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An Easy Blackberry Jam Recipe

An Easy Blackberry Jam Recipe
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An Easy Blackberry Jam Recipe: An easy recipe for homemade blackberry jam that is perfect for novice jam makers and includes a lot of helpful hints and suggestions! If you want to make rich and delicious blackberry jam every time, this process is nearly flawless.

An Easy Blackberry Jam Recipe

On every occasion that I consume blackberry jam, I am brought back to the balmy summer evenings when I went blackberry picking. You can select your own blackberries at pick-your-own farms, which are located all throughout the United Kingdom. Picking your own blackberries is a stress-free and enjoyable hobby.

On the other hand, returning home with your haul and transforming it into a delectable homemade fresh blackberry jam is an even more satisfying experience.

Your choice of whether to utilize wild blackberries or blackberries purchased from a store is entirely up to you. To put it another way, this recipe is really easy to follow. Additionally, because this is a recipe for a small batch, you can complete the preparation of this jam in less than half an hour, which is a breeze.


  • 2.2 pounds blackberries best to use fresh seasonal blackberries
  • 12 ounce white sugar
  • 2 Tbsp pectin read notes for pectin-free version
  • 1 lemon, juiced or bottled juice – 1/4 cup



  • Spread the sugar and fresh berries out in a bowl and let them sit there for a few hours (or overnight). During this period of time, the berries will macerate, and the sugar will start to dissolve. As a result, the amount of time that must pass before the sugar completely dissolves will be reduced, which will allow the berries to maintain a greater degree of continuity.


  • The first step is to crush the blackberries and then add them to the pan along with the lemon juice. Keep the mixture at a low simmer for a few minutes to break down the fruit, and then strain it through a sieve or a jelly bag and transfer it to a bowl. After that, you can either add two to three spoonfuls of the seeds back into the jam or remove the seeds totally to make the jam more similar to a blackberry jelly recipe (which just uses the liquid from the blackberries).


  • Beginning with a potato masher or another comparable instrument, begin by very lightly mashing the blackberries that are located in a dish (or the pan).
  • After that, put the sugar, blackberries, lemon juice, and pectin into a casserole dish that has a medium-sized heavy base. In order to completely dissolve the sugar, cook the mixture over low to medium heat while stirring it regularly. Later on, there will be no possibility of a jam that is gritty or sugar crystallized as a result of this.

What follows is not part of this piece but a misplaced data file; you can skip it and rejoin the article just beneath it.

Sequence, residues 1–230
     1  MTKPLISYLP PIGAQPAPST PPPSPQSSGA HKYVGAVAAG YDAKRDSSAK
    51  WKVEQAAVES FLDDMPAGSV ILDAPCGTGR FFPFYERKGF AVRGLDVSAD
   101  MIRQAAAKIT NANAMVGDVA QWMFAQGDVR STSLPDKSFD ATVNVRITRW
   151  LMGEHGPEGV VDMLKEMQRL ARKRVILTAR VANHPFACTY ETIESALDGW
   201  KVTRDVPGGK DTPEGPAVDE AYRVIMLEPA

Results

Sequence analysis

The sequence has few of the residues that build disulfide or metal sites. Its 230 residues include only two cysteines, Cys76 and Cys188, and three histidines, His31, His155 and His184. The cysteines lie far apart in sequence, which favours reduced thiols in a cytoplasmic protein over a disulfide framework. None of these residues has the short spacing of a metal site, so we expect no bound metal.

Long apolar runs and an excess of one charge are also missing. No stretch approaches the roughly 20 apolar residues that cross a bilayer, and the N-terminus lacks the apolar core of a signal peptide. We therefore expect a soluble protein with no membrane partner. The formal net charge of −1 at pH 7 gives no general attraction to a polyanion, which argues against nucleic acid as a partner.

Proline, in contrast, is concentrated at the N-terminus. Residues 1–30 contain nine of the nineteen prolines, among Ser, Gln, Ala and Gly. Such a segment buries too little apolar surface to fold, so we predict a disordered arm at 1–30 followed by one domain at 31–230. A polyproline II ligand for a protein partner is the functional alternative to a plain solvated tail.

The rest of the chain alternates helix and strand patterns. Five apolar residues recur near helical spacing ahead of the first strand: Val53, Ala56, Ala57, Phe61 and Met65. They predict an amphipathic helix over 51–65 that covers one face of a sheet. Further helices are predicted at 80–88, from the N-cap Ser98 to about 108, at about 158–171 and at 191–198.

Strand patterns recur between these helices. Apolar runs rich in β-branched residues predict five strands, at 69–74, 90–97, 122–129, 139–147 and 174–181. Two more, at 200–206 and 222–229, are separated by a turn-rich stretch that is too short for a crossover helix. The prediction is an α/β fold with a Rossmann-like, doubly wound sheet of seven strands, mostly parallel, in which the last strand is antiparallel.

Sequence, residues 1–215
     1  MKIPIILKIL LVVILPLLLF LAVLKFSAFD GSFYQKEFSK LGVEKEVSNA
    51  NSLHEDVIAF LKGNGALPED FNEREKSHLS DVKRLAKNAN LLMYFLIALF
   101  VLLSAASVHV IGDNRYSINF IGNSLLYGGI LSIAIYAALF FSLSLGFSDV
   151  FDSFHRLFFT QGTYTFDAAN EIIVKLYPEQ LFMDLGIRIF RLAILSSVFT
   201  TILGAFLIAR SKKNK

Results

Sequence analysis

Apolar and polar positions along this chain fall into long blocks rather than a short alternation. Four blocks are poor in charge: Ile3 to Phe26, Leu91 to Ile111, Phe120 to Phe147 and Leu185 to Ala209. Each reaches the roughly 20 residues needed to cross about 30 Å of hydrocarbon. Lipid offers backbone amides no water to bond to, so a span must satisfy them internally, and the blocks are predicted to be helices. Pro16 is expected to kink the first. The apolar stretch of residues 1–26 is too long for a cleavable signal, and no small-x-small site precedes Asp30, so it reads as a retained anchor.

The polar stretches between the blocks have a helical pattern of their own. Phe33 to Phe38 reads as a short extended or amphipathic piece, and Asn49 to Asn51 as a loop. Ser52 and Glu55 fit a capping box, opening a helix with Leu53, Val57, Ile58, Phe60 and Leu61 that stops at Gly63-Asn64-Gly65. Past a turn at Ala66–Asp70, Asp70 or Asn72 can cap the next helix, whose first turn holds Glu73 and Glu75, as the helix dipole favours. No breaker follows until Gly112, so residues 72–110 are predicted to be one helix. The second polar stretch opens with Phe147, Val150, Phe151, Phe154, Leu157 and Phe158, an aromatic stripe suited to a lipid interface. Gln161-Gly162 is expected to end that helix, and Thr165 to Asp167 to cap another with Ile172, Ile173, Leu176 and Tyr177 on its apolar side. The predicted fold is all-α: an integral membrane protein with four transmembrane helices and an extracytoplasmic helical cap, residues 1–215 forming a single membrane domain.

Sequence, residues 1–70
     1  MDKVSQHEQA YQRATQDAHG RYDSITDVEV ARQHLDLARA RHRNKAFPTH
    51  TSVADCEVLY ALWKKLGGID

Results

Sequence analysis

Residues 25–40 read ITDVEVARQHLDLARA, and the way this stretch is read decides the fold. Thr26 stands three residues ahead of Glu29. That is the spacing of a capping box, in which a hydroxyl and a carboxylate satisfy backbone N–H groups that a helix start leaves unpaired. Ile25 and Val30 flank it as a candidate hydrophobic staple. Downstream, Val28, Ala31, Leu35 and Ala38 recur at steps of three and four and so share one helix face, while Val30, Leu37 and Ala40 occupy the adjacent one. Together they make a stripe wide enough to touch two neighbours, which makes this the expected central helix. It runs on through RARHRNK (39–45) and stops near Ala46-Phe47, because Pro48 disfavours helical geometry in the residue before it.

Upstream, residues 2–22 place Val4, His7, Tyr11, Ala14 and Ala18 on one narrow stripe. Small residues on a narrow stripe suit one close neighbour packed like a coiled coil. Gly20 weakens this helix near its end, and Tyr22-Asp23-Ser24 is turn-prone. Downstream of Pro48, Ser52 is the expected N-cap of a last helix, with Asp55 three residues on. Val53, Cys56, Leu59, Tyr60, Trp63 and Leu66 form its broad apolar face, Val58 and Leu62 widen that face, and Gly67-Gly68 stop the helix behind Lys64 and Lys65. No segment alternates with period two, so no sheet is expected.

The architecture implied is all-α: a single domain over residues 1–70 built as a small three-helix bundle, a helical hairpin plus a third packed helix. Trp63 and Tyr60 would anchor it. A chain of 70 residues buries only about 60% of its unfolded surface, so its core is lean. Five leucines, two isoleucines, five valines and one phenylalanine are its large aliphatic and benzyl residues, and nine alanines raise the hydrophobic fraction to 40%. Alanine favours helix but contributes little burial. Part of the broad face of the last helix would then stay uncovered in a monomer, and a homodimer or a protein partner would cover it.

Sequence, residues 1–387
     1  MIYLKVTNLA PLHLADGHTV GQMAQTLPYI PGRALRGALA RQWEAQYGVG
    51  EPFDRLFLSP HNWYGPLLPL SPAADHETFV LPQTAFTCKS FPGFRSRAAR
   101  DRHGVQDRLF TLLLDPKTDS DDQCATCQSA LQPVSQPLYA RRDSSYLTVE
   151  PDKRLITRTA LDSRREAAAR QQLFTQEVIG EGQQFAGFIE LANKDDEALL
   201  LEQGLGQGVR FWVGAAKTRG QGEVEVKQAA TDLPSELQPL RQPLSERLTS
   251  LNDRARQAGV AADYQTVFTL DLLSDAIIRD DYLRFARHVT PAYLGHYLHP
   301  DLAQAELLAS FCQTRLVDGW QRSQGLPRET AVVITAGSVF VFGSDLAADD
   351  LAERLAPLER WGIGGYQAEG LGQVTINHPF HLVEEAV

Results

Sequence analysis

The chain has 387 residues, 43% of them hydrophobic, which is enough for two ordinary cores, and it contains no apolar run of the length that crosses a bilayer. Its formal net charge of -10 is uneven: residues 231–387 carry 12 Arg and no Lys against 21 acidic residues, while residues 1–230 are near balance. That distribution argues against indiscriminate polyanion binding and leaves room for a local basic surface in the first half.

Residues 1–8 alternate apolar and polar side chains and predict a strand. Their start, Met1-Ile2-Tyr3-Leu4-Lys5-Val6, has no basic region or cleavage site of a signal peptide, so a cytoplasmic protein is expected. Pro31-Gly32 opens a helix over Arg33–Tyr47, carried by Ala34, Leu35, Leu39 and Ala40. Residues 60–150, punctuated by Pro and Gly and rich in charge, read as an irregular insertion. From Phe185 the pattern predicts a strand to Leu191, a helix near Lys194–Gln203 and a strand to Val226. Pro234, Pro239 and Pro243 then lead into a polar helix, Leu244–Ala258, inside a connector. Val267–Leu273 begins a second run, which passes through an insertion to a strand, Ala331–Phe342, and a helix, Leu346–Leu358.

• While the mixture is being heated at a high temperature for five minutes, without disturbing it, bring it to a boil (a rolling boil that cannot be brought down). Make sure the jam is not sticking to the bottom of the pan by using a spoon to stir it around sometimes. If this is the case, you can blend the ingredients a few times and then turn the heat down a little bit.
  • You can use either a thermometer or the saucer test to determine whether or not the jam has reached the stage when it will set. To use a thermometer, the temperature must be 105 degrees Celsius (220 degrees Fahrenheit).
  • In order to obtain a clean jam, remove any surplus foam that is located on the top of the pan. It is also possible to add a small bit of butter right at the conclusion of the process and swirl it in order to assist in dispersing the remaining foam or scum.
  • Proceed to remove the jam from the heat and allow it to cool for ten to fifteen minutes. The berries will be able to settle as a result of this, which will prevent them from sinking to the bottom of the jars.
  • In the meantime, place the jars that you will be used for the jam in the oven for ten minutes at a temperature of 160 degrees Celsius (325 degrees Fahrenheit) to ensure that they are thoroughly dry.
  • The jam should be transferred to the jars once the jar has been placed on a wooden surface (or another surface that is heat resistant). Although a canning funnel makes this procedure simpler, it is not required to complete it.
  • The jars should be sealed after any spillage that may have occurred on the exterior of the jar has been removed with a moist cloth. Should you wish to successfully “can” your jam, it is imperative that you refrain from touching the lip or the interior of the lid.


  • If you intend to use the blackberry jam within a reasonable amount of time and do not intend to properly “can” it, then it can be stored in the refrigerator for up to three weeks or in the freezer for up to six months.
  • Alternatively, if you want to adequately store your jam for long-term storage, you can use the hot water bath method (for more information, see the comments below). In this manner, your jam will be able to be stored in a cool, dry, and dark environment for up to two years.

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